|One hundred nine planes on Runway 7 at Rockford, engines roaring, pilots eager for the flagman’s wave.
PHOTO BY BRADY LANE
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Maybe it took their absence last year, wrought by the Deluge of ’10, to remind us what a thing of beauty, of passion, commitment, and sheer logistical ingenuity their annual group arrivals represent to AirVenture.
But when the 22nd edition of Bonanzas to Oshkosh landed Saturday, followed by the Mooney Caravan and Cessnas to Oshkosh, the excitement of their migrations came home.
The 109 Bonanzas in the formation flight ranged from a 1947—the year of the Model 35’s introduction—to a trio of factory-new G36 Bonanza Hawker Beechcraft pilots flew to go on display at the company’s stand.
Bob Siegfried II, last year’s unfulfilled lead pilot, got to head this year’s formation.
“It’s definitely worth the wait,” Siegfried said, moments after he and wife Jessie stepped out of their S35 to a welcome from EAA President/CEO Rod Hightower.
“I was beginning to think I was a little bit of a jinx the way the weather was this morning,” he added.
His wingmen were his father, longtime EAA stalwart “Old” Bob Siegfried flying a V35B, and brother Rick in a J35.
Billed as “the world’s largest formation of aircraft,” B2Osh—as it’s colloquially known—featured a first this year: an all-women element—or row of aircraft—who call themselves “The Beech Babes.”
The three—element leader Mary Jane Butt of Cresson, Texas (’57 H35 model), Shana Nussbaum of Grass Valley, California (’61 N35 model), and Vera Martinovich of Lake Stevens, Washington (’69 E33C) —were all veterans of prior B2Osh journeys.
“The women fly better,” Nussbaum said when asked why the three decided to fly together. “Your element is nice and tight.”
Many in the Bonanza group participate every year, but every year brings newcomers, like Bill Stanek of Industry, Maine, who flew his 1981 F33A.
“I tried to come last year and made it to Rockford, but we turned around and went home after the rainout,” Stanek said. “So I was bound and determined it was going to happen this year.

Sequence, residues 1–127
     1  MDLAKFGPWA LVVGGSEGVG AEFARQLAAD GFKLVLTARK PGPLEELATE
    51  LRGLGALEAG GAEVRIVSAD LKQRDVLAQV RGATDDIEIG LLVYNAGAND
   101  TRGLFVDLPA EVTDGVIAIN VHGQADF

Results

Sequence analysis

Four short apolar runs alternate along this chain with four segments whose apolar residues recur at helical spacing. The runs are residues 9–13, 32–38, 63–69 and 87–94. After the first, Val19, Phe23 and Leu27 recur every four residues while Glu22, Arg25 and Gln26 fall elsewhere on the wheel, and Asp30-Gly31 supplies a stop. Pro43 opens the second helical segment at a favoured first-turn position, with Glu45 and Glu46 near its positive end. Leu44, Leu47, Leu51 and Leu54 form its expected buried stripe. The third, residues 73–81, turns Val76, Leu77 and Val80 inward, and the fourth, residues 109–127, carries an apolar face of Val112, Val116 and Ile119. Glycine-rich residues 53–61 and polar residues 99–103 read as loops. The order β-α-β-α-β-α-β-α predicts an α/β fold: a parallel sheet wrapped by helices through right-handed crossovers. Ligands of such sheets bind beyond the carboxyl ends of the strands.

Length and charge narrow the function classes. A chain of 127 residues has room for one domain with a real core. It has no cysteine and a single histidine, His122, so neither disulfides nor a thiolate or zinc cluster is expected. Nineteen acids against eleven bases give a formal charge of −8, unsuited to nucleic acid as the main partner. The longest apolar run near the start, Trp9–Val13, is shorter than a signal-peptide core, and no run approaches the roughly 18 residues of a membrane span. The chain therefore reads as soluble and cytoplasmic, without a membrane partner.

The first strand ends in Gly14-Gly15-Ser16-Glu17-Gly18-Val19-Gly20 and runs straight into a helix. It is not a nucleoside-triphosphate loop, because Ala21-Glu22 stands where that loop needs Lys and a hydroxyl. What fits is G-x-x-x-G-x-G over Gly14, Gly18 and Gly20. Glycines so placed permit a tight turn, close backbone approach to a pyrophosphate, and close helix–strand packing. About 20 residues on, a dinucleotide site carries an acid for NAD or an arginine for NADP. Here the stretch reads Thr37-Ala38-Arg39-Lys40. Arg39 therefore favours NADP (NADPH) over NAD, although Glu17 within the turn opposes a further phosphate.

“It’s like the pilgrimage for pilots.”
Indeed, B2Osh participants hail from all corners of the country. All must attend formation clinics to qualify for the group flight.
“The main thing is safety,” said longtime participant Kevin O’Halloran of Cordell, Oklahoma, who arrived early to prepare a welcome party he hosts for the group. “There are people who undergo the training, but we have to tell them, ‘You’re not up to mustard.’ Is it worse to risk hurting someone’s feelings, or risk their lives?”
The planes gather in Rockford, Illinois, for a day of preparations and social activities before taking off for Oshkosh, flying at an altitude of 2,500 feet and a 140-knot true airspeed. Participants camp together, and by the time the last of the Bonanzas taxied into their traditional camping area in the North 40, some 20 minutes after the first arrival, tents were already going up.
All told, the Bonanzas, parked in rows 519-525 in the North 40, brought about 240 adults and 50 youngsters, half of them small children, to Oshkosh, according to Larry Gaines, B2Osh’s Main Fellow Who’s In Charge (MFWIC).
And despite last year’s soggy conditions, remnants of the group did finally arrive at AirVenture, many by bus, and camped in their usual spot—without their airplanes but with unexpected results.
“The tents were closer together, the kids were more involved, people could play with balls because they didn’t have to worry about hitting airplanes, and last year our camaraderie was at an all-time high,” said Gaines.
“And this year, from what I’ve seen so far, I think we’re exceeding that.”